In 1964, three friends from the Yale School of Architecture hatched a plan to become developers, designers, and builders of ski cabins. Two of the friends, David Sellers and Peter Gluck had previously helped one another on building projects, one for Sellers’s brother, and one for Gluck’s parents. In Vermont, land was inexpensive and skiing was growing in popularity, so they felt they could take a chance and build speculative projects that they hoped to sell for a profit. David Sellers and his friend William Reineke purchased a piece of land near Warren, now known by the name Prickly Mountain, while Peter Gluck embarked on projects that were designed and built for a site elsewhere in Vermont. From these beginnings a new way of making architecture developed, resulting in structures unmoored from architectural tradition. The design-build architectural movement in Vermont was begun.
The three young architects were motivated by the idea that they could and should control the economics and construction of their buildings, as well as the design. At the time, Sellers was quoted as saying:
The architect is irresponsible today in…that he thinks…he has to sit in his office and wait for some client to come up and say, all right build me that. I think the architect has got to change his whole scope if he’s going to survive as an integral part of our future society. (Note: PA May 1966 p. 150)
While the initial development ideas did not produce as much financial success as hoped, Sellers and Reineke created an experiment that did change the “whole scope” of how architecture can be practiced and how buildings can be made. They succeeded in making a place, a community, and a new kind of design culture that lives on to this day.
The exhibition, Architectural Improvisations and this catalog that documents it recognize the design-build experiments at Prickly Mountain as a moment worthy of study both in terms of architectural history and in the cultural history of Vermont. This is not a complete and exhaustive survey. The focus is on a time period beginning with a few houses built in 1964 and the opening of the Yestermorrow School in Warren, Vermont in 1980. We explore, and interpret certain architectural events that when seen as part of a greater whole can lead us to an understanding of what has become a lasting legacy. This legacy can be recognized in our built landscape, in the professional lives of people practicing architecture today, in the movement toward better ecologically responsible buildings known as Green Building, and in the way architecture is taught in our schools.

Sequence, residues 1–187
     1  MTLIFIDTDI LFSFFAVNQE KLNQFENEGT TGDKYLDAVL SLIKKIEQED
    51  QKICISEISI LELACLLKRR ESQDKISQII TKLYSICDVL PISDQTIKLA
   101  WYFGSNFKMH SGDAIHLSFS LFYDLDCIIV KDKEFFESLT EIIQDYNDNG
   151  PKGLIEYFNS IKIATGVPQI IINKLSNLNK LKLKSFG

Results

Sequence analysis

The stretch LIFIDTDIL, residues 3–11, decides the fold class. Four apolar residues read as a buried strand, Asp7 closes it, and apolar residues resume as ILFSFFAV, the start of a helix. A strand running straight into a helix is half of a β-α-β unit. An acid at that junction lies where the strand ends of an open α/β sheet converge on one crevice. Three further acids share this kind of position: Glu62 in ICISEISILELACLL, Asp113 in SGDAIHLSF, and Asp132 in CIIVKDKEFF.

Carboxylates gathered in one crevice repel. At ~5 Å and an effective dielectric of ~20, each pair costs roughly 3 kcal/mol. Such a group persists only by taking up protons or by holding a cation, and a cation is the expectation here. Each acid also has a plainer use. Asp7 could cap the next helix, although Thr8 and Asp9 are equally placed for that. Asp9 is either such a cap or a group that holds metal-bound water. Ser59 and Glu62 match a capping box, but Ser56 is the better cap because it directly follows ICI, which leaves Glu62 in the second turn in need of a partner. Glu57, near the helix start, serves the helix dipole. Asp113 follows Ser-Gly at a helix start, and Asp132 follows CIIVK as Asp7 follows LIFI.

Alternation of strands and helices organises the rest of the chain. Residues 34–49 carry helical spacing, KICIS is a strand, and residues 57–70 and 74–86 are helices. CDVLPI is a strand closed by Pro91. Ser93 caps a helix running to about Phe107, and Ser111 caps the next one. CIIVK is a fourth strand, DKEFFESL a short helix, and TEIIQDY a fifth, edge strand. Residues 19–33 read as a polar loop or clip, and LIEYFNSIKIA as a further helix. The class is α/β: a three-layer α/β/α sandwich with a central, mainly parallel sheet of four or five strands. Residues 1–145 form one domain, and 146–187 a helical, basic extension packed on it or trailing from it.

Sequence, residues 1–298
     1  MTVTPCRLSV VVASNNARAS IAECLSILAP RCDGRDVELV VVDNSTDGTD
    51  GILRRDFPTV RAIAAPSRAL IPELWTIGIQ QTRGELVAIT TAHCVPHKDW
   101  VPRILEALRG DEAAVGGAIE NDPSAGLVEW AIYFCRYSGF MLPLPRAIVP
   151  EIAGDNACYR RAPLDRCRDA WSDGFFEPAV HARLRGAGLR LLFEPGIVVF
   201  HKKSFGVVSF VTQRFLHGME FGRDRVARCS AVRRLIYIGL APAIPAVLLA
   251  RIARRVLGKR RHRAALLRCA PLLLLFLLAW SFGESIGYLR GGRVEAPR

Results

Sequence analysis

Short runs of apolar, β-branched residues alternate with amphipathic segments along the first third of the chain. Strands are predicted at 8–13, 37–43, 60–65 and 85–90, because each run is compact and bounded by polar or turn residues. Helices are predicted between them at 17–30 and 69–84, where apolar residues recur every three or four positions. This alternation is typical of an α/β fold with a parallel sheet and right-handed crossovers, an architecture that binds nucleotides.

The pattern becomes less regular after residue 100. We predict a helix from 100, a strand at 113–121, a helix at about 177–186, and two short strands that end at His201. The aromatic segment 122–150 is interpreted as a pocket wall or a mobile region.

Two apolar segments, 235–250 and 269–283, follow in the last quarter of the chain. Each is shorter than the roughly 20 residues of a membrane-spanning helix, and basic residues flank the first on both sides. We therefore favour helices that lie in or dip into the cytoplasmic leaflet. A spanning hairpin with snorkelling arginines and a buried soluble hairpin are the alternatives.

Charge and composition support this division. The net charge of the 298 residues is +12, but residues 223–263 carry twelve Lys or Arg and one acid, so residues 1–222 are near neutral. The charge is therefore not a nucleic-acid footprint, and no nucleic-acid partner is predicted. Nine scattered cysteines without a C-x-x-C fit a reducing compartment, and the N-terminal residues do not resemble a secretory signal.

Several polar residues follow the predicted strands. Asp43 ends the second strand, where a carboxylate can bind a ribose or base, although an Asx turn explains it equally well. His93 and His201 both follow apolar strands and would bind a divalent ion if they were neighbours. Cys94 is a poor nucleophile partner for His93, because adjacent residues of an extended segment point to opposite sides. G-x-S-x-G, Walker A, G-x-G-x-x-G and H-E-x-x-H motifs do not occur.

The exhibition presents architectural projects that are artifacts of what was then a new and experimental way of making buildings. Some of the buildings are still in use and good condition others have burned and are recorded in photographs and drawings. These buildings can help us to understand the design-build movement; this catalog includes research gleaned from articles written at the time of construction, interviews conducted in recent years, and close formal analysis of selected examples of the architecture. It is our hope that a more complete picture will emerge resulting in a new appreciation of what was then a radical architectural movement.